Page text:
The Purpose Principle: Powering Progress with the Why of What You Do

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3 min readMar 14, 2023

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by bruce grover Originally posted on ScientificBrands here

In these two articles, #ebbfmember Bruce Grover shares the building blocks to transforming the mission of science into movements for change.
This episode is dedicated to PURPOSE the other to
UNITY.

“I lived in India for most of my childhood. My parents worked at an international school perched on top of a mountain five hours from Mumbai. The diversity of the school community was every bit as breathtaking as the views of the jungle-clad peaks across the valley. Students and educators came from 42 countries, a dozen faiths, and every background imaginable, from Saudi princesses to local children on full scholarships. Yet, we were united by our school’s mission: For the betterment of the world.

One morning, a visiting dignitary spoke at our school assembly. His voice still rings in my memory: “You can help others with what you do, but you can change the world with why and how you do it.” He explained that if we looked past our studies and community projects to seek our purpose and the meaning of connection, we would find the roots of inspiration, motivation and transformation.

Today, we call this the Purpose Principle.

Too often we see science organizations, nonprofits, government and businesses leading with programs, services and products. We have learned that it is vision and purpose that touches hearts, sparks fresh thinking and inspires action. When a brand is rooted in purpose and passion, we see audiences respond, rallying to a cause and evolving into tenacious advocates.

This work begins with the Unity Principle and becomes increasingly clear through four simple discussions we have with our clients:

  • What do you do?
  • Why does this matter?
  • How does it work?
  • What do the people you seek to engage need, do, and believe?

This last question, of course, begs additional conversations with the people we seek to engage — and seems to invariably draw us back to a simple conclusion: It is not products and transactions that drive people, it’s meaning, wellbeing and joy.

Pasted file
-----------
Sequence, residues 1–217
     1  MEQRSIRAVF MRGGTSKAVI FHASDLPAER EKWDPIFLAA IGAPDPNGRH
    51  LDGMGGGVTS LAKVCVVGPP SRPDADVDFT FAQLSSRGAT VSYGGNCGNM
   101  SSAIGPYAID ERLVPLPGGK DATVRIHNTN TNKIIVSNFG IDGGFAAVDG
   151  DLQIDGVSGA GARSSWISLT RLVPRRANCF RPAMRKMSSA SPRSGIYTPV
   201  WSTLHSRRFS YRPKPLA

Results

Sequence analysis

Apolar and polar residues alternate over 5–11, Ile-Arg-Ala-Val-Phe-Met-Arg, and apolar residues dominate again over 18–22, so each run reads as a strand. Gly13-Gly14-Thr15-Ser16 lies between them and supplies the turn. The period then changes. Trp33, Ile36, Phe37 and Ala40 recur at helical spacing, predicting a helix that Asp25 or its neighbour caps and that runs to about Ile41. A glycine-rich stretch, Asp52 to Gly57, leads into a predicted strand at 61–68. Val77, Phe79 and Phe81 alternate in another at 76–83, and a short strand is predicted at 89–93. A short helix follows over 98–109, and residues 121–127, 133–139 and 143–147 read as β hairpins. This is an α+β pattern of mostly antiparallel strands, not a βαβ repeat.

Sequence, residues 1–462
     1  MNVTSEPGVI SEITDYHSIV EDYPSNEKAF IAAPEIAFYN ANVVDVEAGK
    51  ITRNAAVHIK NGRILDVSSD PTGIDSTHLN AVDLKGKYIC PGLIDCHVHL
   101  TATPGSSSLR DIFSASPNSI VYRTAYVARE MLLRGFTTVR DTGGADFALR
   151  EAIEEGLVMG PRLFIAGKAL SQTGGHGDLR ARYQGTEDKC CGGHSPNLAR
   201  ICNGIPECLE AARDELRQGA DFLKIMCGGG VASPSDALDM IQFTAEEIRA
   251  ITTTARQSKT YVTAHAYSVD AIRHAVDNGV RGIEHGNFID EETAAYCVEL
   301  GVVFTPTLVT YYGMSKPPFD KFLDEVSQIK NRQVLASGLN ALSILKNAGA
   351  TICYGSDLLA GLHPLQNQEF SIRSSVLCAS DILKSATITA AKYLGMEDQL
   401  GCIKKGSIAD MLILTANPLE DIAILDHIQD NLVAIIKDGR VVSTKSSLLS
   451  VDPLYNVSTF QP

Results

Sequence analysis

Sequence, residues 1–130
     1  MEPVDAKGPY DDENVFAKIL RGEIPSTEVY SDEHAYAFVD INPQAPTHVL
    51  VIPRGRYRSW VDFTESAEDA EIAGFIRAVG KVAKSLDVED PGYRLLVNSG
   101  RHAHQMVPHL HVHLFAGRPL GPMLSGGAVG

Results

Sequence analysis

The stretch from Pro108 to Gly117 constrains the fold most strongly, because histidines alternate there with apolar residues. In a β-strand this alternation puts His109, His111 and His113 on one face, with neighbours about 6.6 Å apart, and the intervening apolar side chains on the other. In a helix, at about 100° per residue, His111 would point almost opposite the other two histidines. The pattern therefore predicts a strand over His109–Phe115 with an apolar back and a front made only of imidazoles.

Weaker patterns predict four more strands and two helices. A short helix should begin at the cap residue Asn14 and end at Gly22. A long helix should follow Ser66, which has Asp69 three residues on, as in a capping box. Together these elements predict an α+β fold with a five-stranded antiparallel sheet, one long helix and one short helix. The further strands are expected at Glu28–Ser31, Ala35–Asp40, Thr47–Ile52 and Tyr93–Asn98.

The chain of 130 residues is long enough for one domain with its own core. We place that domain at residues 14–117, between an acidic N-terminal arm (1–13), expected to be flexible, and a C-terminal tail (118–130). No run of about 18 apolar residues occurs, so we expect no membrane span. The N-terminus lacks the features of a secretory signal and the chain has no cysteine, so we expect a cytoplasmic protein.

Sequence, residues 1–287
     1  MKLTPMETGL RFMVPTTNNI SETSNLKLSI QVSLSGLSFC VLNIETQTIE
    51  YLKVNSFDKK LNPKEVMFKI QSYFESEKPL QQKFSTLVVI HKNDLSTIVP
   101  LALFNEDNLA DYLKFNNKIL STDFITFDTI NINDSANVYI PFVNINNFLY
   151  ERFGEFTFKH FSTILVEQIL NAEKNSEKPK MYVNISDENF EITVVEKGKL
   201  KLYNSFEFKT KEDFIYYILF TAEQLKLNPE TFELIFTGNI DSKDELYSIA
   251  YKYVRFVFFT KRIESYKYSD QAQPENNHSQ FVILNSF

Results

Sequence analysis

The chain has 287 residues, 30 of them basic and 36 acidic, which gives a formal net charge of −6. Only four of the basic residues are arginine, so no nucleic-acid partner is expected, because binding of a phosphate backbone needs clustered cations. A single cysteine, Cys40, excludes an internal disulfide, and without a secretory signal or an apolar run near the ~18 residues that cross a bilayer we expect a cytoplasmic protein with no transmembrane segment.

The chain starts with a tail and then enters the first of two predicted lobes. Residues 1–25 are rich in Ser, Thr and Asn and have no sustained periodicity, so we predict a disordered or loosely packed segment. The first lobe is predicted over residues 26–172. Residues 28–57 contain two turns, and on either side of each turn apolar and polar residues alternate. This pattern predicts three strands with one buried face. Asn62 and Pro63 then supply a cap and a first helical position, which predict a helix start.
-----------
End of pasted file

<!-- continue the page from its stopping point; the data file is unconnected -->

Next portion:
As we bring purpose to the center of a brand and its offerings, we invite people to not just engage but to join us in shaping a shared and sustainable future. The story becomes compelling. Teams have the language and perspective to rally people to a vision of change that is actionable and free of the hyperbole that can plague marketing and communications.

Don’t believe this is possible? Not only has a cottage industry grown up around the power of “why,” but ethical, responsible, more mature perspectives are moving into the mainstream. There are numerous examples of nonprofits doing this well, but consider this example from the bottom-line driven business community: In 2019, the influential Business Roundtable redefined the purpose of a corporation from delivering value to shareholders to delivering value to customers, supporting communities, and protecting the environment. This is a dramatic shift with even more dramatic impact. Collectively, Business Roundtable CEOs lead companies that support 37 million American jobs, generate $10 trillion in sales, and account for 24% of the U.S. GDP.

Living and working with purpose is both practical and transformational. Together, we can ask why your what matters — to you, to your audiences, to communities, and to the world. What are the principles at play? Do your offerings relate to real-world needs? Do they acknowledge the inherent nobility of each person? Are we operating in a learning mode that welcomes all to contribute? How can a spirit of generosity, inclusion and belonging infuse our partnerships and advance the field rather than just our own growth and prestige?

The output of this work is often a new brand architecture infused with purpose and pragmatism. Equipped with a rallying cry, revitalized written and visual identity, and reimagined communication programs, organizations can reposition themselves as more than what they do. As the speaker at my school’s morning assembly said all those years ago, “You can help others with what you do, but you can change the world with why and how you do it.”

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